In recent cases United States v. Lull, 824 F.3d 109 (4th Cir. 2016) and United States v. Tate, 524 F.3d 449 (4th Cir. 2008), the Fourth Circuit reversed the defendants’ convictions after concluding that the omitted information in question undermined the entire foundation of the affidavits. In Lull, an officer omitted facts that undermined the reliability of a confidential informant who supplied many of the facts in the affidavit. In Tate, an officer omitted the fact that much of the evidence supporting his affidavit originated from a questionable search of the defendant’s trash. The Fourth Circuit reasoned that if the trash search was illegal, that evidence would have to be suppressed. Without the trash search evidence, the officer’s warrant lacked probable cause.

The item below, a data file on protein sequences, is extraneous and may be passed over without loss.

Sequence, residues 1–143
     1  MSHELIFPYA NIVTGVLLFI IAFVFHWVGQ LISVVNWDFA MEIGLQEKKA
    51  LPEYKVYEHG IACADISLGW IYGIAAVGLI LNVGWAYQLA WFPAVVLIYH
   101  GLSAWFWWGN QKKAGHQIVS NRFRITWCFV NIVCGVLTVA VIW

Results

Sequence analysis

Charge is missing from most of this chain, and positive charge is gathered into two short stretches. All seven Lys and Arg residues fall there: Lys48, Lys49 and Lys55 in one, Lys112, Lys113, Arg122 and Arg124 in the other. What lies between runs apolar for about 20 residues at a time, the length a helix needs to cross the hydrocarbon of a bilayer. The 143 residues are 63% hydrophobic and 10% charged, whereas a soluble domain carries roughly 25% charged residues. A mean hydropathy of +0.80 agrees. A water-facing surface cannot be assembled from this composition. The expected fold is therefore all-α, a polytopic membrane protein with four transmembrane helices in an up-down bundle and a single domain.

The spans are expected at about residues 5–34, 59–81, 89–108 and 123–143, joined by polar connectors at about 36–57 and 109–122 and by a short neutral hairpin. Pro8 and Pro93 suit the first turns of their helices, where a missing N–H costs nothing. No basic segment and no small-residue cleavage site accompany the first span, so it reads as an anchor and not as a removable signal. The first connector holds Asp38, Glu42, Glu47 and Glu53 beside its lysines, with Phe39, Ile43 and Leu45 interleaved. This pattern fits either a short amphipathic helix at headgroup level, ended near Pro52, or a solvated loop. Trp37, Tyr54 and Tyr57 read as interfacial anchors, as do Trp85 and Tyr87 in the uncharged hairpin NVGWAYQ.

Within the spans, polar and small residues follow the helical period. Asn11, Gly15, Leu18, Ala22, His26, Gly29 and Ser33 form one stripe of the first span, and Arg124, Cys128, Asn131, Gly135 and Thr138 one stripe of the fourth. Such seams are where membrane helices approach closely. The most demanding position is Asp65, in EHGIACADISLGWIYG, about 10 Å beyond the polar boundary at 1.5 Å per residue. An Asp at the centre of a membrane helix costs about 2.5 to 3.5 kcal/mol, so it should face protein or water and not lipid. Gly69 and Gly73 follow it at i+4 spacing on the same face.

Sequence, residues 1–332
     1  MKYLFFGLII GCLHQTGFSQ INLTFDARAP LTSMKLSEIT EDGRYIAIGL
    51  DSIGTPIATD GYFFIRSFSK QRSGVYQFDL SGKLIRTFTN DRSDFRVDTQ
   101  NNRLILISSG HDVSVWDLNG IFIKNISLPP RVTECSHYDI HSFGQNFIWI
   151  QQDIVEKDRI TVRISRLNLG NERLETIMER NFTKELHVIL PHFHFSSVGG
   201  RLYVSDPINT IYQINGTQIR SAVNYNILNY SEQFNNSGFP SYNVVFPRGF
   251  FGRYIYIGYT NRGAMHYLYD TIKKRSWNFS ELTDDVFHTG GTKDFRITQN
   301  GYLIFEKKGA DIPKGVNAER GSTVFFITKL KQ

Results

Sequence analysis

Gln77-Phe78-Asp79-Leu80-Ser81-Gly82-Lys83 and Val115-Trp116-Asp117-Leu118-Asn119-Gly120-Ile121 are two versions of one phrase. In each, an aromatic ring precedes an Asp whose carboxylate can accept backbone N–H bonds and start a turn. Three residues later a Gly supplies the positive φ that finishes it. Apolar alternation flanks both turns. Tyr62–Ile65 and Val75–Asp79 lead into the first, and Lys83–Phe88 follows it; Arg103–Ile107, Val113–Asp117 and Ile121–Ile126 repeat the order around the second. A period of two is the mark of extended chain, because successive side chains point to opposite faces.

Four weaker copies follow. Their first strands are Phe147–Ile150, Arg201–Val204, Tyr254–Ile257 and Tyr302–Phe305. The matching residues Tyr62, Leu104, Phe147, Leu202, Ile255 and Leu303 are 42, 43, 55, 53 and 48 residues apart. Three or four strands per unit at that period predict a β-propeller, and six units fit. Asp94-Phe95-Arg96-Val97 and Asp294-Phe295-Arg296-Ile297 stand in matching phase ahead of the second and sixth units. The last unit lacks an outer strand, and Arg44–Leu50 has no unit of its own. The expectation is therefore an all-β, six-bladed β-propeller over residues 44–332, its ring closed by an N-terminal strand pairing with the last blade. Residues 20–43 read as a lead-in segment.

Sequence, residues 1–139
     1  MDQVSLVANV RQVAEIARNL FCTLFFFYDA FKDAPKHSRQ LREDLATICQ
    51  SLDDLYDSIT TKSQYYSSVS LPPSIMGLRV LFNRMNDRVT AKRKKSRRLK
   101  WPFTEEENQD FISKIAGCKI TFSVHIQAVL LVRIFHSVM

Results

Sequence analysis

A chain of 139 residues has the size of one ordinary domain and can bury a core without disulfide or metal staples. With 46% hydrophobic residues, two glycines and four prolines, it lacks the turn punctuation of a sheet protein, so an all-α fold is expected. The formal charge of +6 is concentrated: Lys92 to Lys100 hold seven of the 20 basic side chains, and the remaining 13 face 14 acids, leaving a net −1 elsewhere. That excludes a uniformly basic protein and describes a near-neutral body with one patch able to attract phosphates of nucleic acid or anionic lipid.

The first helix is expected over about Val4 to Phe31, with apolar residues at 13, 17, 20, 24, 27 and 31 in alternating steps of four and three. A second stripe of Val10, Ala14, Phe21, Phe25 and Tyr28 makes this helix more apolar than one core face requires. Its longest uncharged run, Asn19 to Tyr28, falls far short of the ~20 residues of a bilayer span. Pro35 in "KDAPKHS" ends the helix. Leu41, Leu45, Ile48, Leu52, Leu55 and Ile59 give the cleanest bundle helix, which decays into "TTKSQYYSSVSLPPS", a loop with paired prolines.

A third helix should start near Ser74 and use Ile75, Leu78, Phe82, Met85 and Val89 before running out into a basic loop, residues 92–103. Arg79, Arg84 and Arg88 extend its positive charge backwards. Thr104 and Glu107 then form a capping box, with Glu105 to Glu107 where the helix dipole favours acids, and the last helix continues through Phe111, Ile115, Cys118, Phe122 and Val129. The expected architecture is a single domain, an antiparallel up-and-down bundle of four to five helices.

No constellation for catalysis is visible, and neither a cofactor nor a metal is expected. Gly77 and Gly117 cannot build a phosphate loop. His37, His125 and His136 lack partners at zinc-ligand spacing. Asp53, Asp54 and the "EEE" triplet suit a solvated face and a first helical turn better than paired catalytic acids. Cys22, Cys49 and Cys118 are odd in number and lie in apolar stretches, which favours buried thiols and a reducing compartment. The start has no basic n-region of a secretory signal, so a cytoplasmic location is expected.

In contrast, the fact that the defendant and her husband did not live together did not change the fair probability that evidence relating to the defendant’s crimes would be discovered in the common areas of the house. The magistrate was reasonable in concluding that the defendant and her husband lived together because they stated that they lived together, and they shared utilities and cable services, creating a reasonable inference that both individuals used those services throughout the home. Finally, the omitted fact did not call into question the inherent reliability or validity of the affidavit supporting the warrant, unlike in Lull and Tate.

Disposition

Therefore, the Fourth Circuit affirmed the District Court’s conviction of the plaintiff on all counts.